Heart failure often develops after other conditions have damaged or weakened your heart. Over time, the heart can no longer keep up with the normal demands placed on it. The ventricles may become stiff and not fill properly between beats. Also, the heart muscle may weaken, and the ventricles stretch (dilate) to the point that the heart can't pump blood efficiently throughout your body.
  • Coronary artery disease and heart attack
  • High Blood Pressure (hypertension)
  • Faulty heart valves
  • Damage to the heart muscle (cardiomyopathy)
  • Myocarditis
  • Heart defects present at birth (congential heart defects)
  • Aboral hear rhythms (heart arrhythmias)
  • Other diseases i.e Chronic diseases such as diabetes, severe anemia, hyperthyroidism, hypothyroidism, emphysema, lupus, hemochromatosis and amyloidosis also may contribute to heart failure.

Signs and Symptoms

The most common signs and symptoms of heart failure are:
  • Shortness of breath or trouble breathing
  • Fatigue (tiredness)
  • Swelling in the ankles, feet, legs, abdomen, and, rarely, the veins in your neck

All of these symptoms are due to the buildup of fluid in your body. When symptoms start, you may feel tired and short of breath after routine physical effort—like climbing stairs.
As the heart grows weaker, symptoms get worse. You may begin to feel tired and short of breath after getting dressed or walking across the room. Some people have shortness of breath while lying flat.
Fluid buildup from heart failure also causes weight gain, frequent urination, and a cough that's worse at night and when you're lying down. This cough may be a sign of a condition called acute pulmonary (PULL-mun-ary) edema (e-DE-ma). This is when too much fluid is in your lungs. This severe condition requires emergency treatment.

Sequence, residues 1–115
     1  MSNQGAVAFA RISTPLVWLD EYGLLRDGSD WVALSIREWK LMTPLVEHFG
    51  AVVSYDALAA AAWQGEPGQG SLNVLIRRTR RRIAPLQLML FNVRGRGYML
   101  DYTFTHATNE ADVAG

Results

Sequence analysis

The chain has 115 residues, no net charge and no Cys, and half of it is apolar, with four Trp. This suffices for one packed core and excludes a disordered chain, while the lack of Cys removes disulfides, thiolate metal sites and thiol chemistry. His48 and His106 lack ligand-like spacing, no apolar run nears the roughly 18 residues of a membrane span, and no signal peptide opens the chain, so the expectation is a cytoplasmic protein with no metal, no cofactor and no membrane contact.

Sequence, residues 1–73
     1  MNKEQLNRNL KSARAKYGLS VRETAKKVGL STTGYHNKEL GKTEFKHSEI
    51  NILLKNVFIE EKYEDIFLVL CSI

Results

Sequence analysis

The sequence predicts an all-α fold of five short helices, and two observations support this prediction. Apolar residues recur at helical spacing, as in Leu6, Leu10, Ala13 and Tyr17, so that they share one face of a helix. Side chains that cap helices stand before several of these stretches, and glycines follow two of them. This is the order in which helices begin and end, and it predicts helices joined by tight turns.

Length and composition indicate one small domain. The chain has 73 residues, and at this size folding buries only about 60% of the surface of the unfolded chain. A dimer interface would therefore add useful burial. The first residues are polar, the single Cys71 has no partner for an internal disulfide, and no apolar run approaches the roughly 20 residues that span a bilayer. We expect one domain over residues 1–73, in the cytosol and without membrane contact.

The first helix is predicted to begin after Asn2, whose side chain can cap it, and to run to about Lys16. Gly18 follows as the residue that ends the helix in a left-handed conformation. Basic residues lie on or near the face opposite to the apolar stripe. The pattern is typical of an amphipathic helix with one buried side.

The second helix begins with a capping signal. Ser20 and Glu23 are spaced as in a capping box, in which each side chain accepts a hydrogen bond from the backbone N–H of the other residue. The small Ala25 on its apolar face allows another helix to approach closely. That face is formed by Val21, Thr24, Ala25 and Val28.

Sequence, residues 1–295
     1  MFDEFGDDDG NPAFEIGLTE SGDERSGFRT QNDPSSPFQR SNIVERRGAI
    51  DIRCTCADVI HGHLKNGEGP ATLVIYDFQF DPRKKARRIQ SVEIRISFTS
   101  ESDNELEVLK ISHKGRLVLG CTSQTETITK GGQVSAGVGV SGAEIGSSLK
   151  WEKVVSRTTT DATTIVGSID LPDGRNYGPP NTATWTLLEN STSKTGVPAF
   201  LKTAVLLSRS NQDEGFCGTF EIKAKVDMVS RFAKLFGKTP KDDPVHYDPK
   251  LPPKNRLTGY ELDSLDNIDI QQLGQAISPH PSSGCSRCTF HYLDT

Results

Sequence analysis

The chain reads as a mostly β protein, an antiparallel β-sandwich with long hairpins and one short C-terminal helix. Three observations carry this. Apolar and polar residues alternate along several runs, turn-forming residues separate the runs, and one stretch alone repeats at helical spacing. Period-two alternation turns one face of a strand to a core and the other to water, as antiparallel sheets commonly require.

The earliest operations on the pericardium (the sac that surrounds the heart) took place in the 19th century and were performed by, Francisco Romero Dominique Jean Larrey, Henry Dalton, and Daniel Hale Williams. The first surgery on the heart itself was performed by Norwegian surgeon Axel Cappelen on the 4th of september 1895 at Rikshospitalet in Kristiania, now Oslo. He ligated a bleeding coronary artery in a 24 year old man who had been stabbed in the left axillae and was in deep shock upon arrival. Access was through a left thoracotomy. The patient awoke and seemed fine for 24hrs, but became ill with increasing temperature and he ultimately died from what the post mortem proved to be mediastinitis on the 3rd postoperative day. The first successful surgery of the heart, performed without any complications, was by Dr. Ludwig Rehn of Frankfurt, Germany, who repaired a stab wound to the right ventricle on September 7, 1896.

AbioCor Replacement Heart

The AbioCor is the world's first completely self-contained replacement heart. A product of three decades of research, development and testing, the AbioCor is central to ABIOMED's mission to make real the day when heart failure need not mean the end of life or the ability to enjoy life. Designed to fully sustain the body's circulatory system, the AbioCor is intended for end-stage heart failure patients whose other treatment options have been exhausted. A rechargeable internal battery allows the patient to be completely free of the external power transmission unit for some period of time. Normally an external power pack transmits power across the skin.